Neither school nor school staff will express any preference, of course, leading up to the election itself. Children are likely to ask colleagues which way they vote, because they always do, but staff will avoid saying what they intend to do. As we champion 'pupil voice' you would expect staff to participate and vote, and possibly enable discussions in class but we do not put forward our own views or seek to persuade.
There are actually guidelines on the proper use of maintained school premises, and that they should not be used to promote a particular political stance or party. I am never sure how politicians get away with visiting schools accompanied by hosts of cameras and journalists, but there you are. In our attempt to stay strictly neutral we once turned away a request to use the school hall as a venue for an MP's public meeting.
Obviously one issue will be front and centre in 2019, but education is too important not to feature in debate and in the choices voters make. We should assume that the next Parliament will last for five years and that the Government elected will therefore be responsible for school funding, special needs direction, curriculum reform, school inspection regimes, national standards, teacher training provision, school building programmes and Local Authority powers to support and challenge schools for five years also.
Every pupil in our school in December 2019, at the time of the general election, will still be of compulsory school-age at the end of the next Parliament. The education stance of the locally elected Member of Parliament and the education policy of the new Government will directly effect our pupils. I urge every elector to think carefully about the education policies of each party appearing on the ballot paper where they vote and to make it one of the key factors in how they vote.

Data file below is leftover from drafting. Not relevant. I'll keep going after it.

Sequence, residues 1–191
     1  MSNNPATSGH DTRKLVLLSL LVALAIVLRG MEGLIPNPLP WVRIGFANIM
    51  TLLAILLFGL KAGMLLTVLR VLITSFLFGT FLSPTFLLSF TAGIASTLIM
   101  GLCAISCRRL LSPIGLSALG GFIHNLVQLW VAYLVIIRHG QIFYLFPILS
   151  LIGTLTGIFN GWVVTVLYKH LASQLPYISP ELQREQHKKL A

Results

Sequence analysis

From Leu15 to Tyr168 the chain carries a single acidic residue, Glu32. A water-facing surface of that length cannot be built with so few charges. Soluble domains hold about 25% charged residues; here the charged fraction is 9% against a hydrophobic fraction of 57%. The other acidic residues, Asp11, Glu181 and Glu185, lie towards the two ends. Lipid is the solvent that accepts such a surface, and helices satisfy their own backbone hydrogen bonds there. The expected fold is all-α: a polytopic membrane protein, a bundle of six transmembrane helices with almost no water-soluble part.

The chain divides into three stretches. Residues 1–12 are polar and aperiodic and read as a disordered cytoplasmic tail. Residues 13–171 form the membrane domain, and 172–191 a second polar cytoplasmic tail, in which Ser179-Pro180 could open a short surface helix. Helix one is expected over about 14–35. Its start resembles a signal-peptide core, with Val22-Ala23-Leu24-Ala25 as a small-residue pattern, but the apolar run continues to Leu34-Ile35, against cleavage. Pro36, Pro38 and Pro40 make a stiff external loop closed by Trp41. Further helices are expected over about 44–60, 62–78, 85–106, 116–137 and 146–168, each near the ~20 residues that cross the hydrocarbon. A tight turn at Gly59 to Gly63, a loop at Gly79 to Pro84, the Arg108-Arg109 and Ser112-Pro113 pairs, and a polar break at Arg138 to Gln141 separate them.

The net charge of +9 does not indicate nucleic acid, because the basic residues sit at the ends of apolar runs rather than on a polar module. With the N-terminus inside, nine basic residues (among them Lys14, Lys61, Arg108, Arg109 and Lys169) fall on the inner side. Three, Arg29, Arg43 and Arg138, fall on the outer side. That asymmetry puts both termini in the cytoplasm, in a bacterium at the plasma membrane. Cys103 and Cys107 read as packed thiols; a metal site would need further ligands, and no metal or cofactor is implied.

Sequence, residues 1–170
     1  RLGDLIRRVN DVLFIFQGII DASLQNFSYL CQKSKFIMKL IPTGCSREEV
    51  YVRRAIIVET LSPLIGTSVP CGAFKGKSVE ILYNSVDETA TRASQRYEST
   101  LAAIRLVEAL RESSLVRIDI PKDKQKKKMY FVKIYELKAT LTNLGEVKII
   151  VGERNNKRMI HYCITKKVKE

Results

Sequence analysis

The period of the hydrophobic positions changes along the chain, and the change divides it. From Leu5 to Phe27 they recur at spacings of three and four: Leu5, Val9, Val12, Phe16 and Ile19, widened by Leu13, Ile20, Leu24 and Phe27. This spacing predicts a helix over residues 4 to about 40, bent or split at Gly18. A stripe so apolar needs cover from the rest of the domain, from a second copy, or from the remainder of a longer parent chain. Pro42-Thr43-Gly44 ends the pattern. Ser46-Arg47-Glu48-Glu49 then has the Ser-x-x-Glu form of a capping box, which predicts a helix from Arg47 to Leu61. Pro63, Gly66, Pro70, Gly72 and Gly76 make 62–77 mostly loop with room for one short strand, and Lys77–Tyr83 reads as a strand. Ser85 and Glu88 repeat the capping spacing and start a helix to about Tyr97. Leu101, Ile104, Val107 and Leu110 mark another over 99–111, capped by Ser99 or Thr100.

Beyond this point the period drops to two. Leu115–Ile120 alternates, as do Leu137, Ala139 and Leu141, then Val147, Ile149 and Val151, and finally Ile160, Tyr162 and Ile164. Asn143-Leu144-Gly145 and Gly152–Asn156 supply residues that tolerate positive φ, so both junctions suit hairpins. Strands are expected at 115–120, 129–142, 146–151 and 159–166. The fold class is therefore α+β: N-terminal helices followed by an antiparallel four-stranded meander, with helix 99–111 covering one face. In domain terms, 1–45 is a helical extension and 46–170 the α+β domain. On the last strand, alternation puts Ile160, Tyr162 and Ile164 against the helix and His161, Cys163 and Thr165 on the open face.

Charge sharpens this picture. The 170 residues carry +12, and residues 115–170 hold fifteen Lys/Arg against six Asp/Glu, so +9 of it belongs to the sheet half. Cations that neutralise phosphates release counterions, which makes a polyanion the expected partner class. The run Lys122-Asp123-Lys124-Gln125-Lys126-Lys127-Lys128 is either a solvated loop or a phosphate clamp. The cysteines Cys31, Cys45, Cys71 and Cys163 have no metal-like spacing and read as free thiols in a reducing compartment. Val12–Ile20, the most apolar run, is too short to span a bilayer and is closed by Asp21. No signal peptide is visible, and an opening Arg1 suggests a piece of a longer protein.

'Purdah' (or purda) is the period between the calling of an election and the polling day itself. During the period civil servants, who always supposed to be impartial, are not allowed to make political statements or to initiate actions that might favour a particular candidate or party. This effectively means a further six weeks this time round without any of the urgent issues being addressed other than in words and promises.
A point of tension in reviewing our Homework Policy is what ‘supporting’ or ‘encouraging’ children to complete each homework activity looks like. Would the correct synonym be, ' offer', 'reward', 'challenge', 'prompt', 'help', 'enable', 'make', 'require'...?
We have had initial conversations at Senior Leadership level. Our collective view was that we should be expecting parents to support their child, us and the Policy, ensuring each piece is at least given a reasonably good effort.
The way School Admissions work came into the discussion: parents express a preference to have their children admitted to our school. We are always over-subscribed and never have children allocated places here other than as a choice of the parents. If parents chose to send their children here, can’t we assume they are ‘buying in’ to what we offer (and, by association, what we expect)?
We (the SLT) think that, if our published Policy on homework states that we give homework each week, including a minimum amount of reading time, then this should be supported by parents.
I have since wondered if we do not need to re-institute the ‘Home – School Agreement’ (H-SA), a contract of sorts that states what school will provide by level of service, ethos and commitment, and that parents also sign to show their commitment to their responsibilities. With our interest in ‘pupil voice’ we would have pupils sign it, too.
Would a separate contract be necessary, though, and could it potentially confuse and dilute agreements if an H-SA also covers things like attendance, uniform and behaviour?